In less than two months, Merion Golf Club will open its doors to the 113th U.S. Open championship, an honor nearly eight years in the making.
On Monday, the hallowed Main Line course held its media day and pulled out all the stops, including a Skype chat with last year's champion, Webb Simpson, and a gourmet lunch buffet. USGA officials outlined the changes in course dimensions, while re-iterating just how much work goes into planning the U.S. Open.
"Many questioned whether we could stage a U.S. Open at Merion, from a pure operations perspective. But all of the officers and staff here at Merion knew it could be done," said USGA vice-president Tom O'Toole. "We wish to thank them for getting us here, and for their role in preparing for what we expect will be a memorable 113th U.S. Open Championship."
O'Toole even pulled out the iconic 1-iron that Ben Hogan used to force a playoff victory at Merion back in 1950. Hogan was 16 months removed from a near-fatal car accident and went on to win the tournament.
Simpson, who won the event last year by one stroke over Graeme McDowell and Michael Thompson, elaborated on the challenges Merion will present for the world's best golfers. Simpson finished in 72nd place at Merion when he played there in the 2005 U.S. Amateur. Even with that bad taste, he still called Merion one of his favorite courses in the world.
"I think this U.S. Open is going to be so unique in the sense that I don't think a long player or short player has an advantage," Simpson said. "I think a guy with a good wedge game and a good mind will have the advantage because you'll have your birdie opportunities, but what I remember about Merion is the second that you think I got an easy hole, an iron and a wedge, is the second that you probably will make a mistake."
The U.S. Open is slated to be played from June 13-16 at Merion. Organizers are expecting crowds close to 200,00 — and 5,000 volunteers — to line the narrow fairways and greens. The championship rounds are already sold out, but tickets remain for practice rounds.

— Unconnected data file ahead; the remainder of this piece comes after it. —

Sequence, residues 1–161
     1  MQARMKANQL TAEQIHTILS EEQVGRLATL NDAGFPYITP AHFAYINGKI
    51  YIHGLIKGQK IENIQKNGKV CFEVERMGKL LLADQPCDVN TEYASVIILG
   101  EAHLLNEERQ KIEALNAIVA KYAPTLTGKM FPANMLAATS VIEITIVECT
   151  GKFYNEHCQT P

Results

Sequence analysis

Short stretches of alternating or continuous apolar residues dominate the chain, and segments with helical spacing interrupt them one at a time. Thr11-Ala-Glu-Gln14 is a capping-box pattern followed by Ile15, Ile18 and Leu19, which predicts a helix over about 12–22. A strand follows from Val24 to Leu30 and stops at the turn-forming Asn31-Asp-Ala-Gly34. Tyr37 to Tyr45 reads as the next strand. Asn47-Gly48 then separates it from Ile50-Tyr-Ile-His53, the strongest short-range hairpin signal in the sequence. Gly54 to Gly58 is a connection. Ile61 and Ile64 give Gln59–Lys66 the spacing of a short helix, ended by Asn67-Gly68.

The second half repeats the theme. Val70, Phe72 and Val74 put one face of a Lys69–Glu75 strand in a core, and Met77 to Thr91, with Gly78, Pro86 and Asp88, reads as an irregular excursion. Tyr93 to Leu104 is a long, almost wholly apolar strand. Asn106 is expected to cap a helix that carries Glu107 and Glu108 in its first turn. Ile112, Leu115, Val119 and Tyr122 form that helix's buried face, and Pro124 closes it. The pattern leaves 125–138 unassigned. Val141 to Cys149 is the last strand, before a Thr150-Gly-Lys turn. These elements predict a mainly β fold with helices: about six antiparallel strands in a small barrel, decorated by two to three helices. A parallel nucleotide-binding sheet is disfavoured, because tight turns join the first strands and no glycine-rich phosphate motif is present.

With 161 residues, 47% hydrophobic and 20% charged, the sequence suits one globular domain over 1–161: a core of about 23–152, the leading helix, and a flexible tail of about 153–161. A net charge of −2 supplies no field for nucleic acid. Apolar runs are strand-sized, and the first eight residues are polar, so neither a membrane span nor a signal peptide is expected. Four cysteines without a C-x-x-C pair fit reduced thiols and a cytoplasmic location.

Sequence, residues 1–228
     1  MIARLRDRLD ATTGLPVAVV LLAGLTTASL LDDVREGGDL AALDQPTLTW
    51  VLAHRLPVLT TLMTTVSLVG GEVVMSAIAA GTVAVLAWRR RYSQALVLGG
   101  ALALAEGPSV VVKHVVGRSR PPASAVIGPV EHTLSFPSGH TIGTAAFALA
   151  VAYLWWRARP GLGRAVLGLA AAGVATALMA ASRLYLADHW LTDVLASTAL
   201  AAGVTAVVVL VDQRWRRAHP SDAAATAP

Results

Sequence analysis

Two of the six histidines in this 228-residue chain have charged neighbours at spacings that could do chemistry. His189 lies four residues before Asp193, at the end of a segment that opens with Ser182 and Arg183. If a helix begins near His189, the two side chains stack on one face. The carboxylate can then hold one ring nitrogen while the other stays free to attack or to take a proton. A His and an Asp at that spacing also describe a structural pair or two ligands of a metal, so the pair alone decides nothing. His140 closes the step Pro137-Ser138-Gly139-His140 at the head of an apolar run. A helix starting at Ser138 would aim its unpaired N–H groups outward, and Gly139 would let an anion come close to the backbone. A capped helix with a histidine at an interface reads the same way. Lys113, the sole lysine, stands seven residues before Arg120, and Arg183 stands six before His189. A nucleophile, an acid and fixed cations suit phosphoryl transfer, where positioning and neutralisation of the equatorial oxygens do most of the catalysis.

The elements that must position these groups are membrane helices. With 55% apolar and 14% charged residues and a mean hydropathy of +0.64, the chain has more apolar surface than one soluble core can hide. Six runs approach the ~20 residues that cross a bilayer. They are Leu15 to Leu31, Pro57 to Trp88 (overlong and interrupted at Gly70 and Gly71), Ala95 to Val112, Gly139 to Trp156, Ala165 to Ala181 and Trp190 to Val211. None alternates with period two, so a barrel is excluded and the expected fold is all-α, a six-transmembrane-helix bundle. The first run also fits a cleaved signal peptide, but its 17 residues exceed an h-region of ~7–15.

Changes to the course
The biggest question when Merion first attempted to secure the U.S. Open was: How do you fit a modern-day U.S. Open on 111 acres?
Well, thanks largely to course superintendent Matt Shaffer, the dream is a reality. Merion, with some slight tweaks, is ready to host its fifth Open. And, yes, the wicker baskets are staying put.
"It's one of the things that makes it, gives Merion, one of the many that things that give Merion its personality," said USGA executive director Mike Davis
The changes were minimal, according to Davis. Aside from a few fairway alterations and tee box changes, they tried to keep Merion true to its storied history.
The crew inserted a new tee back on hole No. 4 that really makes the golfer consider the bunker in the drive zone. There's really only two options, go for it all with a driver or lay back with a 3-wood.
On hole No. 15, they added a new middle bunker that forces the player to make a choice about working the dogleg left to right. Davis called it the "scariest tee shot at Merion."
No. 18 underwent a small change, too, as they brought the fairway back 20-25 paces closer to the canyon. It's another hole where they want to encourage the use of drivers on the 505-yard, par-4.
"I would consider 18 the toughest finishing hole in all of the U.S. Opens," Davis said. "It requires a great tee shot, a great second shot, and it's one of Merion's most challenging greens."